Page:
Training camps have a different feel in this age of COVID-19

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Denver Broncos tight end Nick Vannett, left, greets offensive coordinator Pat Shurmur at the team's NFL football training camp Friday, Aug. 14, 2020, in Englewood, Colo. (AP Photo/David Zalubowski)

ENGLEWOOD, Colo. – From the antimicrobial mist the Denver Broncos strolled through on their way to the practice fields to the hand-held whistles for masked-up coaches, NFL training camps have a very different look and feel this year.

No fans. No Gatorade buckets. No joint practices.

The league is spending tens of millions of dollars on daily COVID-19 testing, and some of the protocols put in place to navigate the coronavirus crisis have cost some prospects whatever long shot they had at making a roster.

They might have saved a life, however.

Linebacker Cam Smith tested positive for the virus when he reported to the Minnesota Vikings headquarters, and head athletic trainer Eric Sugarman recommended he get an echocardiogram.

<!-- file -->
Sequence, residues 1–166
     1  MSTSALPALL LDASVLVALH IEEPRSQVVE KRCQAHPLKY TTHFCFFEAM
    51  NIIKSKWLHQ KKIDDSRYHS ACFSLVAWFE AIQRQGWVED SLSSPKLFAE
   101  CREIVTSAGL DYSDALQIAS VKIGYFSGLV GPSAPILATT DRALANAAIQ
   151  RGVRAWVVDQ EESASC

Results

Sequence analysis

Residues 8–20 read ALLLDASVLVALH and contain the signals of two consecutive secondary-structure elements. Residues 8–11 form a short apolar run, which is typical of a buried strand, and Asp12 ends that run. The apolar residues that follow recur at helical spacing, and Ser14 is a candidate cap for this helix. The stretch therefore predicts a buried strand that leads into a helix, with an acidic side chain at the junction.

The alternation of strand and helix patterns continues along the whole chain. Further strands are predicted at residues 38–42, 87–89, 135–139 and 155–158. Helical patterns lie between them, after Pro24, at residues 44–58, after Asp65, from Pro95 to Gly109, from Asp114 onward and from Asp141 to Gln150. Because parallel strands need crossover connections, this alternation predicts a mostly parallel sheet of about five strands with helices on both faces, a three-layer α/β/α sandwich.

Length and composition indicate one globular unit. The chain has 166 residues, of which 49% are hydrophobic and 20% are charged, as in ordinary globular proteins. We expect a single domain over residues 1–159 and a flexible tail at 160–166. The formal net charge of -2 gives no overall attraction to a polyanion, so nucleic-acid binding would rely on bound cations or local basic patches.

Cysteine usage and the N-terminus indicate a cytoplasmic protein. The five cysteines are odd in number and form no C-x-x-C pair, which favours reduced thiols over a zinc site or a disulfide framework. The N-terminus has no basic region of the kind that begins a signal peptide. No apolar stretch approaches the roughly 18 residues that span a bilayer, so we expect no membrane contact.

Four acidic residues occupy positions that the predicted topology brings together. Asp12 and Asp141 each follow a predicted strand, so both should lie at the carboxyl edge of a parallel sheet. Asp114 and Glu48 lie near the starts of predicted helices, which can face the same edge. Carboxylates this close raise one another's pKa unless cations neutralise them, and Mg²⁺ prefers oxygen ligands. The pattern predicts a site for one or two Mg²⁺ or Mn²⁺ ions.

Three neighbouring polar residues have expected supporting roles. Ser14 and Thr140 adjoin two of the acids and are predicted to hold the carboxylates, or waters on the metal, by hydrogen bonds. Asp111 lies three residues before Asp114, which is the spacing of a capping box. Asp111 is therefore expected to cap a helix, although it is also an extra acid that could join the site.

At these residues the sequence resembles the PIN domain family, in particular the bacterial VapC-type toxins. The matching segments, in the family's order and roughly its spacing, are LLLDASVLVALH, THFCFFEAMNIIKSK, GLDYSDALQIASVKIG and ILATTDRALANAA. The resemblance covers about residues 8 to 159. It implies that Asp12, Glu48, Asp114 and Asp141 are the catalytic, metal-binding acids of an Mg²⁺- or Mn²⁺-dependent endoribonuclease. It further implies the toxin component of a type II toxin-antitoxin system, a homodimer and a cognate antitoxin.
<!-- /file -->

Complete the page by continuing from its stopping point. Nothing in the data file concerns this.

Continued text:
Good thing, because the diagnostic follow-up revealed a congenital problem with his heart, which was severely enlarged. Smith is scheduled for open heart surgery on Aug. 24 and will miss the 2020 season.

“I wouldn’t have ever known about this — or as soon as I do now- — without getting tested for COVID and testing positive in that time frame,” Smith said. “It does feel like it’s a blessing in a way that I did test positive.”

The fifth-round pick out of USC last year looks forward to returning in 2021 better than ever “because I’ll be fixed. I’ll be better, and I’ll be in a healthier state than I have been for the past 23 years.”